STIR/SHAKEN, The Technology Fighting Robocalls

Last week we did a blog post on robocalls and what telecom companies and now the Federal Government is doing to combat them. Since our blog post, the bill passed the Senate and is expected to be signed into law. As a follow up we want to go more in depth on the technology named in the bill and how it is helping to end robocalls.

The big issue with robocalls is number “spoofing.” This is the technology criminals use to make the number they are calling from appear as if it is closely related to your phone number, or at least from your same area code. Criminals can also spoof known numbers, like the phone number of your bank, or the IRS. This technology makes it harder for users to identify a scam, and makes them more susceptible to giving the criminal personal information.

The technology named in the Senate bill is STIR/SHAKEN. STIR (Secure Telephone Identity Revisited) is an internet-based process that verifies a calling party’s authorization to use a particular phone number. SHAKEN (Secure Handling of Asserted information using toKENs) is a framework to verify the calling number and how it will be transported. These two technologies work together to authenticate a phone call, and pass that information on to the service provider of the person receiving the call.

When a phone call is made the call first goes to the service provider of the person making the call. This originating service provider now assigns the call an authentication token based on what they know about the number and the caller. The easiest token is, “this person owns this phone number, we assigned it to them.” The second level of authorized calls are, “this person has permission to use this phone number.” This second category could be from a business call center who wants all of their outbound calls to come from one phone number. This type of call should also pass through without issue. The third level of authorization is, “minimal or questionable knowledge about the authorization of this call.” These are the calls the technology is trying to put an end to.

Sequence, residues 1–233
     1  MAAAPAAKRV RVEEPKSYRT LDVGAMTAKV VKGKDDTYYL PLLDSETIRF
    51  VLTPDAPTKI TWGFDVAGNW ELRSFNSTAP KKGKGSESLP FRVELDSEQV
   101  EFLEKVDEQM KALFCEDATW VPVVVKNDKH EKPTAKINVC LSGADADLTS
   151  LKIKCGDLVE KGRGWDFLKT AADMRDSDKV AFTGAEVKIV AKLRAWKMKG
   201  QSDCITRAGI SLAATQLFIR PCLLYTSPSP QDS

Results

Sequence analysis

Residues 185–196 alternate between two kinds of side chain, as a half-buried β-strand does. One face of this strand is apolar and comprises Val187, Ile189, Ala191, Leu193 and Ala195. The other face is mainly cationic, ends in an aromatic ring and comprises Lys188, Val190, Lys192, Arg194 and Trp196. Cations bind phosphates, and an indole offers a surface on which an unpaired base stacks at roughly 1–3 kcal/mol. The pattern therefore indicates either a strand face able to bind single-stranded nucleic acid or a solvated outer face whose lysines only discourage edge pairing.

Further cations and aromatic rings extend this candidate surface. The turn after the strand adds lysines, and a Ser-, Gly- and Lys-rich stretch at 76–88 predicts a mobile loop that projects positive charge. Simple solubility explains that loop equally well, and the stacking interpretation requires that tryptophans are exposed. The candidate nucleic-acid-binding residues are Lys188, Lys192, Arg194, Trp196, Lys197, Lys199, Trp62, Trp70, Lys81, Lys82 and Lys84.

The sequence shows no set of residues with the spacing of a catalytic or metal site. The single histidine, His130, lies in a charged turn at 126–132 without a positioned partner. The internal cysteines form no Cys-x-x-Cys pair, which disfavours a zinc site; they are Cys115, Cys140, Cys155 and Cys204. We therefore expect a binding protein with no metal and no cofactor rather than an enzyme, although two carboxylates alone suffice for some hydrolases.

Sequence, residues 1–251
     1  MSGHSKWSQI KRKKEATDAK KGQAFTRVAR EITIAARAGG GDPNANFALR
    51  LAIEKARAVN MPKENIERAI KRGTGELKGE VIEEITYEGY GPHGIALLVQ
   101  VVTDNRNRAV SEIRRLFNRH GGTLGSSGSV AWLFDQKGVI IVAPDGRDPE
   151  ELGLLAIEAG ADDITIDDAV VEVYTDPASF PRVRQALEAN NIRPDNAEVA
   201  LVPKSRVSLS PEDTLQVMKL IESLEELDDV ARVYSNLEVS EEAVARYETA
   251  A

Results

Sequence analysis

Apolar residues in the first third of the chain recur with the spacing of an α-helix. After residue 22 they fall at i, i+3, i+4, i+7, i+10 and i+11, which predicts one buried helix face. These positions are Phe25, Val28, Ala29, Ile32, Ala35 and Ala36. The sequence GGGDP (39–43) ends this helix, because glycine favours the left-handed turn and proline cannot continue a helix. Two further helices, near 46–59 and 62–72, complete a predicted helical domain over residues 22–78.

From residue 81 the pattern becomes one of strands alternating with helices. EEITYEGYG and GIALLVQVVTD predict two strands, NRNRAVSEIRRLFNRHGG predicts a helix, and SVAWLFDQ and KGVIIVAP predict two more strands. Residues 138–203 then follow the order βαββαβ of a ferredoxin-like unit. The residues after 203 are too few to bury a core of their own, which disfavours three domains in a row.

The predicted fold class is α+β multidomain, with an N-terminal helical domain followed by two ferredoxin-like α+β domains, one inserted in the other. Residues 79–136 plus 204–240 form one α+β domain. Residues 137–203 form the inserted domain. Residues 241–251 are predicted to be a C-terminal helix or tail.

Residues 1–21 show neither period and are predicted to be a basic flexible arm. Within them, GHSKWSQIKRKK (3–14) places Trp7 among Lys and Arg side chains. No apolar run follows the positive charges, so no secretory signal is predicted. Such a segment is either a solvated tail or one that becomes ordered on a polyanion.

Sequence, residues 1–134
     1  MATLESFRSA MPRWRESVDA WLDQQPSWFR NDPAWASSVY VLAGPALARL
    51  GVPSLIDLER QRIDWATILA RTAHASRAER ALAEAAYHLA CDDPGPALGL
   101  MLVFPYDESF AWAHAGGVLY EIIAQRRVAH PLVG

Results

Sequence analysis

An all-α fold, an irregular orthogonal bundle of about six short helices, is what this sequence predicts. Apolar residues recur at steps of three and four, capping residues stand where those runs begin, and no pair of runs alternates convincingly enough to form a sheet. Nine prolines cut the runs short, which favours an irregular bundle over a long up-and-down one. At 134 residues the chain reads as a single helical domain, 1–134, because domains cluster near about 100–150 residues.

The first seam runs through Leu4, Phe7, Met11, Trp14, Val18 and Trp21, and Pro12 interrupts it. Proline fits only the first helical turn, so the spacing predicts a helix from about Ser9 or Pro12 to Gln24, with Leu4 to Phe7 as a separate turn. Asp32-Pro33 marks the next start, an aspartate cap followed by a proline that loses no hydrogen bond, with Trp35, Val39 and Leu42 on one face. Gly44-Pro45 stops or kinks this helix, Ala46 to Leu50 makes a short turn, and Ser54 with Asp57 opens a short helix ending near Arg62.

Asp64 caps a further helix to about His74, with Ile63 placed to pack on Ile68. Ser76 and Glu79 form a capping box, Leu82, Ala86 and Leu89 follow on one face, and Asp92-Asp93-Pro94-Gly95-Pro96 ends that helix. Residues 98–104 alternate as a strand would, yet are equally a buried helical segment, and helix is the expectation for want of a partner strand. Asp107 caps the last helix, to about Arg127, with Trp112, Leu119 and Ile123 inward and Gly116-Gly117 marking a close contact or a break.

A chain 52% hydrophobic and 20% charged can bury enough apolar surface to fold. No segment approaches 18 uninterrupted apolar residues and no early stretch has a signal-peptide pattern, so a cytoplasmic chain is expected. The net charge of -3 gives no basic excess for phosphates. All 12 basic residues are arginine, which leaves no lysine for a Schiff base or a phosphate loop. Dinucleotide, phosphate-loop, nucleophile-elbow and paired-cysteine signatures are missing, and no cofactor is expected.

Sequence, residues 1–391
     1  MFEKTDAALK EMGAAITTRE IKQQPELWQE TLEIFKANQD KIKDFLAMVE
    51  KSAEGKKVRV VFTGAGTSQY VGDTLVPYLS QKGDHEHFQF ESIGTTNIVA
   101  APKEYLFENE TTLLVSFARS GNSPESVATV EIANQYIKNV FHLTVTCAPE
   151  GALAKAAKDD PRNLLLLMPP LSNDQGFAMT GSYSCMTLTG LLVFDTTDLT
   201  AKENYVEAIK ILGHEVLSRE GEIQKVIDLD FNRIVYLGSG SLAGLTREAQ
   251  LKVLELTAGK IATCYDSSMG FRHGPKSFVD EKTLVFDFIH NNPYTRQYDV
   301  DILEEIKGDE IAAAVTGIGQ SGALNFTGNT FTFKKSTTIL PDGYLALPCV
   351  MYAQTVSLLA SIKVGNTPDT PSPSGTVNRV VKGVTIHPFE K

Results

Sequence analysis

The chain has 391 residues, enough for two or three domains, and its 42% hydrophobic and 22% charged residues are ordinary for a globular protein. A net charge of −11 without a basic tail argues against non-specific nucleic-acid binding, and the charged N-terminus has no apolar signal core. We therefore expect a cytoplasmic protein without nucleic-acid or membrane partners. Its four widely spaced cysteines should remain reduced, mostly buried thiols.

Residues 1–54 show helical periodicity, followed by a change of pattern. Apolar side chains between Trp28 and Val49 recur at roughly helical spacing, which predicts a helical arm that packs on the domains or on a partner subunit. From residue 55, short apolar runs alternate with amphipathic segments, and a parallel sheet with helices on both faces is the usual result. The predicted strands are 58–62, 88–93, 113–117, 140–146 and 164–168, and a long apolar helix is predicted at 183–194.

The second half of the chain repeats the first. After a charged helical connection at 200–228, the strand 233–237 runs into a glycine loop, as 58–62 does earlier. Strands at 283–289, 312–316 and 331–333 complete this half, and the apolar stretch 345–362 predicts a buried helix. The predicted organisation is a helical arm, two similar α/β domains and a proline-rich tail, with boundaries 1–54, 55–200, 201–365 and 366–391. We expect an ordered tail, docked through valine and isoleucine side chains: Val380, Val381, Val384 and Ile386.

Each call is assigned a token from the originating service provider, and then this token is passed from service provider to service provider until the call reaches the terminating service provider. Then, the terminating service provider has to make a decision on what they want to do with the third level of authenticated calls. The terminating service provider can forward the call with a messaged attached for the user. This is where some cell phone users are noticing calls come through as “Fraud Risk” or “Telemarketer.” The terminating service provider could also choose not to deliver the call at all, or dump it to a voice mail box. Telecom companies are still experimenting with what users would like done with these calls at this point.

All of the major telecom companies have already implemented some version of this technology, but the new law should help to push the technology forward and make sure all of the telecom companies are working together in this fight.

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Posted by Charles Wright